Apple awarded top marks for protecting user data from prying governments

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Apple has been involved with other tech companies in fighting for customers' privacy rights in the courts and congress in the US. The Electronic Frontier Foundation (EFF), which publishes a Who Has Your Back report each year, has awarded Apple (among a handful of other companies) with top marks when it comes to protecting user data against government officials.

The report grades technology companies on how they handle customer data access requests, put forward by government. Apple met all six factors included in the report, which each listing is graded by. The company scored full marks across the board on the following:

  • Requires a warrant for content
  • Tells users about government data requests
  • Publishes transparency reports
  • Publishes law enforcement guidelines
  • Fights for users' privacy rights in court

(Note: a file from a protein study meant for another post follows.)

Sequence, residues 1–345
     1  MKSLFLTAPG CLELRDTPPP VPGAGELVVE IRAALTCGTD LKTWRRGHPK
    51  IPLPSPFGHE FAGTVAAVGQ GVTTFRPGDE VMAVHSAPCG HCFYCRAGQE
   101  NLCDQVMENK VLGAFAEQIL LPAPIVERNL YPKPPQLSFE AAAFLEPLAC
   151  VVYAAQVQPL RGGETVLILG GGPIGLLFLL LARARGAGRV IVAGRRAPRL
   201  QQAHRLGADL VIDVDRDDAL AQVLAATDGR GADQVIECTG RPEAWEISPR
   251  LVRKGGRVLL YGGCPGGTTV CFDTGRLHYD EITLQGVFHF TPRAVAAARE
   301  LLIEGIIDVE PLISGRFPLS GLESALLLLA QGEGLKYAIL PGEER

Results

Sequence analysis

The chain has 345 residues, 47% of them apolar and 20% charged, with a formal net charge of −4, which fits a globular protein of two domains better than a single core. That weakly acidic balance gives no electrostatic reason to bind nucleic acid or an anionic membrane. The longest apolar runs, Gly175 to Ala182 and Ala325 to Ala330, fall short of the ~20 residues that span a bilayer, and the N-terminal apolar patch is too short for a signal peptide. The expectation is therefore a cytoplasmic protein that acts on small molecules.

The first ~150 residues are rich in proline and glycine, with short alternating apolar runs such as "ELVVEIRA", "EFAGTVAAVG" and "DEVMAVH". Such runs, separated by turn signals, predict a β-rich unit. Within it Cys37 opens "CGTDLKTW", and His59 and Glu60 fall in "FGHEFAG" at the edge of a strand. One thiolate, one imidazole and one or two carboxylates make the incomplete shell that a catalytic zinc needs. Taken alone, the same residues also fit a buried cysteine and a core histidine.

• Fights for users' privacy rights in congress

Apple has previously announced the company requires a court order before data is handed over to officials, attempting to reassure customers that all data is safe and they will be notified should government officials request data. Other companies have also been vocal about protecting user data. Microsoft, CREDO Mobile, Dropbox, Facebook, Google, Sonic, Twitter and Yahoo all joined Apple in receiving the full six stars.

Apple was also praised for improvements made through the years (the company only had a single star in the 2013 report). Contrast to the success of a select few, MySpace, AT&T and all scored a measly two stars, while Snapchat ended up with only a single star – not a positive end result for the private image sharing service.

Be sure to read through the full report over on EFF.

Source: EFF, via: WinBeta

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Rich Edmonds

News Editor

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Reader comments

Apple awarded top marks for protecting user data from prying governments


It's good to see that the big players (notably Apple, Facebook, and Google) not only have six stars, but that their ratings have been increasing markedly over the years. Hell, Apple went from terrible in 2013 to full marks this year. That's very encouraging.

Less encouraging is that Amazon, whose information stockpile about me is pretty significant at this point (I started buying from them significantly as a freshman in college, and that was 1999), does not look nearly as good as their peers.